Confirmed case of highly contagious avian flu detected in NSW farm

Jessica WangNewsWire
The poultry egg farm was placed into immediate lock down after a case of the highly contagious bird flu was detected. iStock.
Camera IconThe poultry egg farm was placed into immediate lock down after a case of the highly contagious bird flu was detected. iStock. Credit: Supplied

The highly contagious avian flu has been detected at a poultry egg farm in NSW, sending the farm into immediate lockdown, as the state enacts its emergency biosecurity measures.

The detection was made at a property in the Hawkesbury district, about 50km from the Sydney CBD, with official testing from the Australian Centre for Disease Preparedness confirming the virus as High Pathogenicity Avian Influenza (HPAI).

However the H7N8 strain is not linked to the current virus plaguing seven farms in Victoria, and believed to be a separate spill-over event, or even from wild birds.

NSW Agriculture Minister Tara Moriarty said the state will now enact the its Emergency Animal Disease response, which will place the farm in quarantine to prevent the further spread of the disease.

“High pathogenic diseases spread quickly and have a high mortality rate among poultry birds, which is why there has been an immediate lock down of the farm,” she said.

“A formal control order will be declared this afternoon that will extend biosecurity control to a radius of 1-2 kilometres around the farm site.”

Free Range Hens Feeding
Camera IconThe confirmed case of avian flu was found on a farm in the Hawkesbury district. iStock Credit: Supplied

She said the government’s Biosecurity Incident Management Team was liaising with the Consultative Committee on Emergency Animal Diseases, and the National Emergency Animal Disease Management Group to discuss the immediate next steps.

Ms Moriarty urged calm and said “NSW consumers should not be concerned about eggs and poultry products from the supermarkets”.

“This detection does not pose a risk to consumer health and the products are safe to consume, if they are handled and cooked as per standard food handling practices.

“The government will work closely with industry to reduce the risk of spread and minimise any impact on egg supply.”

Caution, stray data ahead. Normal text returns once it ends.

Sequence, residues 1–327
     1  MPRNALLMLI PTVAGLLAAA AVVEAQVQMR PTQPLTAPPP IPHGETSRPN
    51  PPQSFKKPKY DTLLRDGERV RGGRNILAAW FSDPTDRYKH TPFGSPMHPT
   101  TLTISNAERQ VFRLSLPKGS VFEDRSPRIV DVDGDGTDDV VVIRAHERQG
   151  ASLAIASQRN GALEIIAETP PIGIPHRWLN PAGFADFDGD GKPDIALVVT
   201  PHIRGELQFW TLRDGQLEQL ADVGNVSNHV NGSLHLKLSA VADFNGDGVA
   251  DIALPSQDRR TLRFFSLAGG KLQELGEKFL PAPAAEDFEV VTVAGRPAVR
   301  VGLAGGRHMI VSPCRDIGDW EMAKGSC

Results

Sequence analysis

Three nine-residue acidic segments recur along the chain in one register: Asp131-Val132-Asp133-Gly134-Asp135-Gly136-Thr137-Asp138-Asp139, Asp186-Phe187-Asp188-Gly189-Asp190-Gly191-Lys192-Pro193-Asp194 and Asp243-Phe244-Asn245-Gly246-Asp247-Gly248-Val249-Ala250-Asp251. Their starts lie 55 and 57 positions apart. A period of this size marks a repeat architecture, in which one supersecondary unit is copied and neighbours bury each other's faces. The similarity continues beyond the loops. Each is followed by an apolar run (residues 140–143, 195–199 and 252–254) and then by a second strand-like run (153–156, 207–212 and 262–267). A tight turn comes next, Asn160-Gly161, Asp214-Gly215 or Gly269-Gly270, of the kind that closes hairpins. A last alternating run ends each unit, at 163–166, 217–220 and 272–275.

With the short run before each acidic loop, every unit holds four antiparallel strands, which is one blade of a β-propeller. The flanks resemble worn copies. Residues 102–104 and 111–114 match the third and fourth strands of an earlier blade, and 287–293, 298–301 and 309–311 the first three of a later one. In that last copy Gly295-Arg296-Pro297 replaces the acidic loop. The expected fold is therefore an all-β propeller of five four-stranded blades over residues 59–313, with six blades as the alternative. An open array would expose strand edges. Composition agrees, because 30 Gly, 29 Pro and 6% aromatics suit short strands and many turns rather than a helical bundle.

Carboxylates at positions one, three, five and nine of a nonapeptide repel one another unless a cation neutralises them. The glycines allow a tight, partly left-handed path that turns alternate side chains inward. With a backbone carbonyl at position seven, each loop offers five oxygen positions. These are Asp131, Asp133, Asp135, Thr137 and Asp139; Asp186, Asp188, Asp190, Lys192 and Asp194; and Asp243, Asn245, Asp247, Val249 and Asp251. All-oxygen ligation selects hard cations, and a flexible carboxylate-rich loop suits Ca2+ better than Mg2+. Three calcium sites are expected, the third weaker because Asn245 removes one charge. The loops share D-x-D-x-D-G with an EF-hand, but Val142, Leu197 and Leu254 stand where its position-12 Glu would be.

Victorian authorities have confirmed more than one million farmed birds could be culled as a result of a large-scale outbreak of two strains of avian flu, H7N3, and H7N9, in Victoria.

The virus can infect all birds, including poultry like chickens, ducks and geese, as well as wild birds.

Most recently, HPAI was detected at a commercial egg farm in the Golden Plains Shire area, which was already in quarantine.

Agriculture Victoria said all poultry at the property will be humanely disposed of under veterinary supervision.

The outbreak has also resulted in supply chain issues, triggering Coles to implement two-per-limit buying limits on eggs.

Responding to the outbreak, NSW Nationals Leader Dugald Saunders said the detection of the virus was “hugely concerning”.

“(It) shows exactly why biosecurity was my number one focus when I was the agriculture minister,” he said.

He took aim at the government for not allocating new funding to biosecurity measures, with money from yesterday’s budget comprised of leftover funding from the previous financial year.

“The fact that this incursion has occurred the day after Labor committed no new biosecurity funding in the NSW budget, should set alarm bells ringing,” said Mr Saunders.

“Given the nature of this outbreak, it’s expected there will be some Commonwealth support, but Chris Minns, Daniel Mookhey and Tara Moriarty need to provide additional biosecurity funding to protect our primary producers moving forward.”

However Ms Moriarty argued Wednesday’s case confirmed NSW’s biosecurity system was effective.

“Detections like this demonstrate our biosecurity system and plan is working to detect incursions when they occur, and then taking swift action to contain, manage, eradicate, and decontaminate,” she said.

Originally published as Confirmed case of highly contagious avian flu detected in NSW farm

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